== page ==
A worried YTTV barks at Laser

The message seemed clear enough. Speaking at his company’s interim results presentation last week, Yorkshire-Tyne Tees chairman Ward Thomas took the unusual step of disclosing details of the trading arrangement between the ITV licensee and its airtime sales house, Laser.

Part of this deal, Thomas told the attendant City analysts, was a guarantee that YTTV’s share of ITV revenue would average at least 10.9 per cent this year. If, as seems likely, Laser fails to achieve that target (share for last year was 10.67 per cent, and for the first half of this year just 10.22 per cent), Thomas would dispense with Laser’s services.

As incentive plans go, this borders on the despotic. The relationship between YTTV and Laser is inevitably clouded by the fact that Laser is a subsidiary of Granada, which acquired 24 per cent of YTTV earlier this year, as the pre-cursor, most analysts believe, to a takeover of its northern neighbour.

For large sections of the media community, therefore, Thomas’ remarks merely led them to answer two separate questions. Firstly, how good a job is Laser doing, and whether another sales house or standalone operation would perform better. Secondly, how much are these comments merely the opening salvoes of an elaborate disinformation campaign, designed to fatten up YTTV for takeover?

The answer to the first of these questions is more straightforward. True, YTTV’s share of ITV revenue has fallen from 10.28 per cent in the first half of 1995, to 10.22 per cent for the corresponding period this year. In terms of relative performance, however, that leaves the region solidly mid-table, behind stations like London Weekend and Scottish, but showing a smaller share decline than seven stations, including Central, Carlton and Meridian.

Further, Laser, and its chief executive Mick Desmond, inherited the Yorkshire sales contract from MAS. The latter’s aggressive attempts to increase share had alienated advertisers and led to an overdealing crisis that nearly brought the whole company to its knees. YTTV’s share of ITV airtime revenue in 1993 was just 9.55 per cent, and most agencies believe Laser has performed well in turning things around from there.

“The fiasco at MAS really left YTTV in the doldrums,” agrees Edward Lloyd-Barnes, a director at IDK Media, “and Laser has done a pretty solid job in stabilising the problems it inherited. In fact, it will probably go on to show another small increase in share over the full year.”

Small increases in share are apparently not enough for YTTV management, however, and Thomas has been talking of an overall target of 13 to 14 per cent for the region. The last time YTTV enjoyed a share of over 13 per cent was in 1985, and a return to those halcyon days seems unlikely.

“The reality of the ITV market has completely changed in the decade since then,” says Lloyd-Barnes. “In those days, there was cheap share to be picked up against the smaller stations, but now that everything is controlled by three well run and professional sales houses, there aren’t any easy share points around.”

And in Laser’s defence there have been some extraordinary factors that could have helped derail share growth. YTTV has missed out on much of the mobile phone advertising money that has helped expand the overall market, while airlines, a category that rose by 38 per cent in the first half of the year across ITV as a whole, is also heavily biased towards London and the South. Nor does the immediate future offer much hope of respite. YTTV is likely to be the softest target for Channel 5 next year. So would the company really fare better under other sales arrangements?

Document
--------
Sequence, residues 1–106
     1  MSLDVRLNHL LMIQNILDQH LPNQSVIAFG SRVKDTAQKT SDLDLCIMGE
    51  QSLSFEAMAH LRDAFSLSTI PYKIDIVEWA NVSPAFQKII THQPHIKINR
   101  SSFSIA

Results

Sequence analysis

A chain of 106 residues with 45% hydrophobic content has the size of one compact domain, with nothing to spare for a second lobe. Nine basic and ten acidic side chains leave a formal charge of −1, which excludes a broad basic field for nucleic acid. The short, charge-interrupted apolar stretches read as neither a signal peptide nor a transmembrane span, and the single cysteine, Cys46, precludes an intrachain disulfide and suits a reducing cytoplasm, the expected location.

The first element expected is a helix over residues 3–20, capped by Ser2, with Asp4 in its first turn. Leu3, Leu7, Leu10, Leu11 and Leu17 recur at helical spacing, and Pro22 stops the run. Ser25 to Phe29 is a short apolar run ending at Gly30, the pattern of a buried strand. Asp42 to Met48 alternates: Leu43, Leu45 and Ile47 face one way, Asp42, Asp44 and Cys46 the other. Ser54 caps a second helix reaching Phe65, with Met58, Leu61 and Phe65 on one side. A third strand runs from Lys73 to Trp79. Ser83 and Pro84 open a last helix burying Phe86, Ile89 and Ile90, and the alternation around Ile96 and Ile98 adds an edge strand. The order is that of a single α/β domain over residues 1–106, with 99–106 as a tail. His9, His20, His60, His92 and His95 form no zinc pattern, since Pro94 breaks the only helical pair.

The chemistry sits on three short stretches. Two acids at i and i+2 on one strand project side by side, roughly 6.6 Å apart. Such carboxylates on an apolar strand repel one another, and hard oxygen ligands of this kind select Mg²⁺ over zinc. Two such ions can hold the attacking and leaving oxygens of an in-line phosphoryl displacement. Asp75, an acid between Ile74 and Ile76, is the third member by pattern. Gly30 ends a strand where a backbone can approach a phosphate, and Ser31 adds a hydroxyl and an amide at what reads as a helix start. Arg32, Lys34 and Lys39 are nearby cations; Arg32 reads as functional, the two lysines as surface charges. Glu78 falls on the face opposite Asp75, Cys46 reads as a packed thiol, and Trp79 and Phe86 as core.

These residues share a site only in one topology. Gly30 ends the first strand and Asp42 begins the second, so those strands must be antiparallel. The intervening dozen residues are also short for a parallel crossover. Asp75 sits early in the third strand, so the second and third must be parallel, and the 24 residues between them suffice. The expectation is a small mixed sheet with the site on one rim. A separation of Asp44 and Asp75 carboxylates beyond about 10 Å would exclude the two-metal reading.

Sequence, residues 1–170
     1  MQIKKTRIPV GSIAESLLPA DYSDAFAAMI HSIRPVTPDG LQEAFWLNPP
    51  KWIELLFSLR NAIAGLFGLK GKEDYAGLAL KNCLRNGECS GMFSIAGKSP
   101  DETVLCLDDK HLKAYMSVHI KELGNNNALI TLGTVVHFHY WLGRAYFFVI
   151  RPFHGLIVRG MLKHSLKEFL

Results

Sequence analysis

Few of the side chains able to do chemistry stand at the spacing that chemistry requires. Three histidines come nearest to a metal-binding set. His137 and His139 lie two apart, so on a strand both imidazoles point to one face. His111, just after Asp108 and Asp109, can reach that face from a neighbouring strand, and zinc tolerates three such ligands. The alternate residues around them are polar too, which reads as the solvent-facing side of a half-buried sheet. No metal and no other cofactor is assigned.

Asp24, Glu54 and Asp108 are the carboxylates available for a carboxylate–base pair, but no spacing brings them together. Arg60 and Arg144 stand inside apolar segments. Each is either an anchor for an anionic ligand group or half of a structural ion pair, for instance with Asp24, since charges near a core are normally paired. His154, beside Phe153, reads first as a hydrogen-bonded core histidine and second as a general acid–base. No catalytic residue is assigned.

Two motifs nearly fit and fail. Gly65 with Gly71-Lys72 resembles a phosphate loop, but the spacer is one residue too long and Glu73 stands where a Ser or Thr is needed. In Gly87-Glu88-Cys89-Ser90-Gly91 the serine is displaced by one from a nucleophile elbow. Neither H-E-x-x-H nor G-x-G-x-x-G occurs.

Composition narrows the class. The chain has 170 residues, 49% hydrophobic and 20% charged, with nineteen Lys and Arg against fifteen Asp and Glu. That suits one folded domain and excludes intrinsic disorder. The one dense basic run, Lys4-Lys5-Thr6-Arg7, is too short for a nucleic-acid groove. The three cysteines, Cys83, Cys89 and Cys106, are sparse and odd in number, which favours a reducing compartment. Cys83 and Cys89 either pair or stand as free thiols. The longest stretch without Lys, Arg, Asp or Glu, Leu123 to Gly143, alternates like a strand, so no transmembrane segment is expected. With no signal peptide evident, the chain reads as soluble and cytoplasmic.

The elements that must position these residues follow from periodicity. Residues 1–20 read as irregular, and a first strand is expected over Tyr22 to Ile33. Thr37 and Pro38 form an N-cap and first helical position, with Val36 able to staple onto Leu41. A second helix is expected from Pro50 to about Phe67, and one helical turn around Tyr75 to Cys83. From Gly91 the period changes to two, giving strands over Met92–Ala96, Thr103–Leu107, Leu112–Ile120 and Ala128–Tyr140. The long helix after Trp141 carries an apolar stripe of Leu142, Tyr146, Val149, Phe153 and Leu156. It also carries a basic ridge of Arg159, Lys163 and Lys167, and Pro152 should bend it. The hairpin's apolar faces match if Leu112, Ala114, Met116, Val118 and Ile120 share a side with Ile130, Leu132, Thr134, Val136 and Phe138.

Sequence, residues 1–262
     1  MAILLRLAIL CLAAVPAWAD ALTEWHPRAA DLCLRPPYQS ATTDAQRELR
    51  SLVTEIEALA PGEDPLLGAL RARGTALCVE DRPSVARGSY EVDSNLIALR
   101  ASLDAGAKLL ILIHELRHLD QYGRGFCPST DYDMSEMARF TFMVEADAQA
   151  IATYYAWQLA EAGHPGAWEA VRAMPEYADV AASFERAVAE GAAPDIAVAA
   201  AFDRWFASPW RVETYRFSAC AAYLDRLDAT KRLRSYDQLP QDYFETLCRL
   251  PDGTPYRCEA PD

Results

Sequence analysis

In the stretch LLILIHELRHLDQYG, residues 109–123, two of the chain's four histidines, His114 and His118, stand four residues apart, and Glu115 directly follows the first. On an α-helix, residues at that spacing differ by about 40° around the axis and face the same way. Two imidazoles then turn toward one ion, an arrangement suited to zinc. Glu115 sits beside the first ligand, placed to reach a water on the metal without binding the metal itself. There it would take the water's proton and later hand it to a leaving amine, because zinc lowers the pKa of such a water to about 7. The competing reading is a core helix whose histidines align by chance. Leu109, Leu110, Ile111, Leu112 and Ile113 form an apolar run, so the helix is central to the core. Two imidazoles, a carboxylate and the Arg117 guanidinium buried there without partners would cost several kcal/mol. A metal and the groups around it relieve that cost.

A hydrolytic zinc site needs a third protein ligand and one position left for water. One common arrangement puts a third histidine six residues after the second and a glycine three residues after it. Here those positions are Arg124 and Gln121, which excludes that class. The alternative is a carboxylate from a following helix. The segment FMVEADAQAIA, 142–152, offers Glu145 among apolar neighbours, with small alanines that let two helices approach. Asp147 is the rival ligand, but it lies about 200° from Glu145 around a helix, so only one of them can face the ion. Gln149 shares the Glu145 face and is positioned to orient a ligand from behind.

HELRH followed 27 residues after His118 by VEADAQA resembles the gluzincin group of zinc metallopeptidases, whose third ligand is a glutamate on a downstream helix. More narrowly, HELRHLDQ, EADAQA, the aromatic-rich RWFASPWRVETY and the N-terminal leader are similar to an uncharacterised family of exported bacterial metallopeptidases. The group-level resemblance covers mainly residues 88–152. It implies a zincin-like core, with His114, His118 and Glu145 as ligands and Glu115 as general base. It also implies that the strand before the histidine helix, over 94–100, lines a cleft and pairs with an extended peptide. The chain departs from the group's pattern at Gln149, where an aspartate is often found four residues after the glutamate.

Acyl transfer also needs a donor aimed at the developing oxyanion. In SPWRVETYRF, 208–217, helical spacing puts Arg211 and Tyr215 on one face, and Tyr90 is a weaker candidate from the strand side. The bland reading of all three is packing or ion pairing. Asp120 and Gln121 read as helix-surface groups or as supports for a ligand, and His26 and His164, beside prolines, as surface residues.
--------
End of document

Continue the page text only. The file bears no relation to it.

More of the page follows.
It could certainly set up its own sales house. This would carry the advantage of not having to balance the needs of different paymasters. Insiders point out mischievously that of Laser’s three main stations, Granada and YTTV, which both increased share last year, have slipped back this time, while LWT, which fared poorly last year, is currently the best performing of all the licensees.

As the regulations stand, YTTV’s airtime could not be sold by another of the sales houses without it relinquishing one of its existing clients. “That wouldn’t really be a problem,” says one broadcast director, “TSMS and Scottish have had their problems for example, so YTTV could fit in there. But it would be with Anglia and Meridian, both MAI-owned like TSMS, and so back to exactly the same situation it is in now. Frankly, its hard to see where much more share could come from whatever new sales arrangements YTTV made.”

All of which has left observers looking for alternative theories to explain away the very public nature of the spat.

“I think there has been an element of mismanagement at Laser and that it hasn’t really reconciled the problems of having to keep Granada, YTTV and LWT all happy,” says Russell Boyman, broadcast director at Mediastar. “But a lot more of this debate is good, old-fashioned sabre-rattling by YTTV, which is trying to push its share price up and force Granada’s hand in any takeover. After all, if it really wanted simply to improve its sales performance, it wouldn’t alert media buyers to its chief area of weakness.”

Ultimately, though, the attractions for Granada of having control over the whole northern block of ITV are considerable, as both YTTV and Granada are well aware. As a consequence, it would be a big surprise if Granada let YTTV get away, even if it ultimately has to buy the company to keep it.

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